Greg Knapp was a Falcons coach not once but twice in his career, presiding over the hugely successful 2004 DVD offense, the injury-marred 2005 season and Michael Vick’s 2006 swan song in Atlanta. He returned in 2018 to coach Matt Ryan and Matt Schaub and was praised by both veterans for his work in the quarterback room, and when Dan Quinn and Dirk Koetter left, Knapp took on a job as the New York Jets quarterbacks coach and the man who was to be responsible for developing #2 overall pick Zach Wilson.
In between, Knapp built a long and successful career for himself, serving as a quarterbacks coach and offensive coordinator for teams that included the Super Bowl champion Broncos and Peyton Manning. He gained a reputation as one of the NFL’s good guys, and even if you didn’t love the way he ran your particular team’s offense, you could recognize that he was a quality, well-liked coach.
Tragically, we will not get to see what Knapp does with Wilson’s career, or where the years stretching out before him would take him in the NFL landscape he had been a part of for a quarter century. After being critically injured after being hit by a car while riding his bicycle in California on Saturday, Knapp died Thursday. He was 58 years old.
Bears TE coach and best friend of Greg Knapp confirms the news we didn’t want to hear. pic.twitter.com/gPFPFRRRvz— FOX 5 Sports (@FOX5Sports) July 22, 2021
This is the worst. Greg Knapp was always kind and considerate in my conversations with him, and this is a tragedy. RIP. https://t.co/2ytOavi8ET— William McFadden (@willmcfadden) July 22, 2021
just terrible man. was a really solid dude. rest in peace https://t.co/PT5jsc9EKC— charles (crying online) mcdonald (@FourVerts) July 22, 2021
RIP to one of the most genuine people I have ever met, Greg Knapp. I’m choosing to use this platform today for what I believe it should be used for and that’s to honor a person like Greg Knapp and share stories of the impact he had and how he treated people like myself— Kelsey Conway (@KelseyLConway) July 22, 2021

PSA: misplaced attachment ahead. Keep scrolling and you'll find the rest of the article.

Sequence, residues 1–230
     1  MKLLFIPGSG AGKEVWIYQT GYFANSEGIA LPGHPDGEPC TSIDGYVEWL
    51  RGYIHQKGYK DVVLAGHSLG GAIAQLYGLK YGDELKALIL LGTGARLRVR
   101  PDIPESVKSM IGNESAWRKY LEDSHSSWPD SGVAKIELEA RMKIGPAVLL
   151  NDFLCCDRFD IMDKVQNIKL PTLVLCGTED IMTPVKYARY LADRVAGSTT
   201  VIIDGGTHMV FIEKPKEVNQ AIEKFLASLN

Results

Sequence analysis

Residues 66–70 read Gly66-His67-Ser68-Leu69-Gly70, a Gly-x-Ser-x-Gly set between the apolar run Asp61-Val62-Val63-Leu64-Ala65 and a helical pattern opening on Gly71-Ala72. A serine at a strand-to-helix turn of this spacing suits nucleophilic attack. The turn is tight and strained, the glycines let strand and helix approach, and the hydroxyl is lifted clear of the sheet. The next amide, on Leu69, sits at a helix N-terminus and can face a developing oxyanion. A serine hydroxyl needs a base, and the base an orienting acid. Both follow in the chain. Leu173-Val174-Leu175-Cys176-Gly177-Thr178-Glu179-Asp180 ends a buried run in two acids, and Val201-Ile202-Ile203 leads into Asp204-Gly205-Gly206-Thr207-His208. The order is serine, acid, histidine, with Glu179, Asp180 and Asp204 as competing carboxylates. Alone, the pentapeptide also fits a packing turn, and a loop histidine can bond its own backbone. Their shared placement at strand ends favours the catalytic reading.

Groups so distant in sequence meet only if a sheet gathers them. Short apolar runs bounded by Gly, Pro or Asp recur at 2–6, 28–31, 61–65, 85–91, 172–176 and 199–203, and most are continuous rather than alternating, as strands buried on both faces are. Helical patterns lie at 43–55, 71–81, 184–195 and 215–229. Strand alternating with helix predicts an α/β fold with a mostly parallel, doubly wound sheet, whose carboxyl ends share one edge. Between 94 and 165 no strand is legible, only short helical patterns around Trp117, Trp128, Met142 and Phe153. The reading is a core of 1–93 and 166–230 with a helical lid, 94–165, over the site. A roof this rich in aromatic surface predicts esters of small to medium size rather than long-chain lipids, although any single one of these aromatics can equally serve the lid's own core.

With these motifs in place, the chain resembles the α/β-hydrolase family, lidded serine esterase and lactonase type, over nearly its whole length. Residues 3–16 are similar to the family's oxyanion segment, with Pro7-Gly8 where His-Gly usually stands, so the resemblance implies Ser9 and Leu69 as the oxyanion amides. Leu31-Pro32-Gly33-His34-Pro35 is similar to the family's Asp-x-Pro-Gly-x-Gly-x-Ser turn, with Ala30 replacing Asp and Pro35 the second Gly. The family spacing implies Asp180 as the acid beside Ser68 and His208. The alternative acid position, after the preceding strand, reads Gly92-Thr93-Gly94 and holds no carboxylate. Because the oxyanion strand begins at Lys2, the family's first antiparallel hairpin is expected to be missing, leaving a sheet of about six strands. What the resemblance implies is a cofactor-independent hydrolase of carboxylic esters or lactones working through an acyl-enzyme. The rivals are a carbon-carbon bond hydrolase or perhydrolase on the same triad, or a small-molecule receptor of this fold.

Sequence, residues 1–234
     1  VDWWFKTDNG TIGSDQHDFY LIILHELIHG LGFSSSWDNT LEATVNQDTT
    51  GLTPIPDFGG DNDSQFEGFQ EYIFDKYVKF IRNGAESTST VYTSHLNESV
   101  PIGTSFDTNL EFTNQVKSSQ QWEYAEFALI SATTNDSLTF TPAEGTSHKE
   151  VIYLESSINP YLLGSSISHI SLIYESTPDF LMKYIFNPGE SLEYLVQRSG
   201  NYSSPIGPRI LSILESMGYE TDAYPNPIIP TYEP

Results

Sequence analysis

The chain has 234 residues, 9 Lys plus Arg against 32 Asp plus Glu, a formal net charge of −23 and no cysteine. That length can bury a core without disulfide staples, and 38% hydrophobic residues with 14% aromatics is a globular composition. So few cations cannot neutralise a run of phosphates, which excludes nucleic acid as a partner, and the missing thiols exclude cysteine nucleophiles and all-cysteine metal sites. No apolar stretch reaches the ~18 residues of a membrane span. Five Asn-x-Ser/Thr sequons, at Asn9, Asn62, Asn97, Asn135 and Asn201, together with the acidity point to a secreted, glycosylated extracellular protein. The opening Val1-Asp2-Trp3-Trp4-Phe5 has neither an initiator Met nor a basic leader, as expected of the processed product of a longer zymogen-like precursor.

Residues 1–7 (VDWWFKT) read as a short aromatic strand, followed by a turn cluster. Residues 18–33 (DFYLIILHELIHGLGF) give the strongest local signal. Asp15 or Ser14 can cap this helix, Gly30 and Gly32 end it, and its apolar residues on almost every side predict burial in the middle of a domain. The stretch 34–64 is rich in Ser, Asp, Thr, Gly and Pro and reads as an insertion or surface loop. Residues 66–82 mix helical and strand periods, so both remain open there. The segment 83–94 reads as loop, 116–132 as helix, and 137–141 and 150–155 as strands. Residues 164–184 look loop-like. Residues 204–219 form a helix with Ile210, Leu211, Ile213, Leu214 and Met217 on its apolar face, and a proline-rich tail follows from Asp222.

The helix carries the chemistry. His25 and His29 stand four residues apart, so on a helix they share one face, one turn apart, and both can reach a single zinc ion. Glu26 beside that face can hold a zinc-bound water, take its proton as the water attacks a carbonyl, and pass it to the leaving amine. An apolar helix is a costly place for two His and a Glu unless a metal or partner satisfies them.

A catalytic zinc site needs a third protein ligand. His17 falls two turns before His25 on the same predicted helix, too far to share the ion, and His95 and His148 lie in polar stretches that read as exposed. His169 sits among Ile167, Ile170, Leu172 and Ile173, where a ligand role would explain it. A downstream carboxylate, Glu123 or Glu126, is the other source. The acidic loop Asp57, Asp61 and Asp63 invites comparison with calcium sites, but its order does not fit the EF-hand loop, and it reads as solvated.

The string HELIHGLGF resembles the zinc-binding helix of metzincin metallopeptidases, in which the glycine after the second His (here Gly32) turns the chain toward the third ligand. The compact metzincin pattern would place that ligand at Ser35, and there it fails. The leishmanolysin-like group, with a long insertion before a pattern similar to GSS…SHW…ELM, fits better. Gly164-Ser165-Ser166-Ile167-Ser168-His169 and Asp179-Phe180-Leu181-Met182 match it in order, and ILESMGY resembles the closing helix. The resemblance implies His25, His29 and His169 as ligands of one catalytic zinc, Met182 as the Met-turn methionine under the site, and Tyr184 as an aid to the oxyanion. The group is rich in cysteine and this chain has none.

Prayers for Greg Knapp, one of the true good guys. https://t.co/LEbk2TlfMb— Rich Eisen (@richeisen) July 20, 2021
Knapp was a quarterback at Sacramento State and a damn fine one, and while he only got training camp invites in the NFL, he was able to return to Sacramento State to begin his coaching career. His NFL career began in 1995 with the 49ers, and he would spend nine years with that team cutting his teeth as an offensive quality control coach, quarterbacks coach and eventually offensive coordinator before the Falcons hired him away.
Knapp was the offensive coordinator when The Falcoholic opened its virtual doors back in 2006, and as such he was source of no small frustration for me, frustration that really was aimed at a stagnating football team that was about to get Jim Mora out of town. The work he did in 2004 with a capable offense and in 2005 with one of the worst groups of quarterbacks in franchise history is probably a much better indication of his ability than 2006, but it took me a very long time to understand that given the way I hold grudges against coordinators. The fact that Knapp immediately landed with the Raiders as their offensive coordinator tells you his work in Atlanta was appreciated by other NFL teams even if it wasn’t by fans, and over the next decade-plus he steadily held a quarterbacks coach or offensive coordinator position around the NFL every single year, including time with Peyton Manning in Denver when the team won a Super Bowl.
He would return to the Falcons in 2018 as a veteran quarterbacks coach for a pair of veteran players in Matt Ryan and Matt Schaub, and it represented his third stint with Schaub after coaching him in Atlanta and Houston previously. Ryan had a stellar year in 2018 with Knapp as his quarterbacks coach, and the dropoff statistically from there is something I’m only too comfortable blaming on Dirk Koetter and not the quarterbacks coach.
Along the way, as you’ll see above, Knapp came to be known for kindness in a business that doesn’t go out of its way to reward that quality. He had a career and a life to be proud of, and it’s beyond tragic that it ended today. Our thoughts are with Knapp’s family and friends and all the players and coaches whose lives he touched during his long NFL career.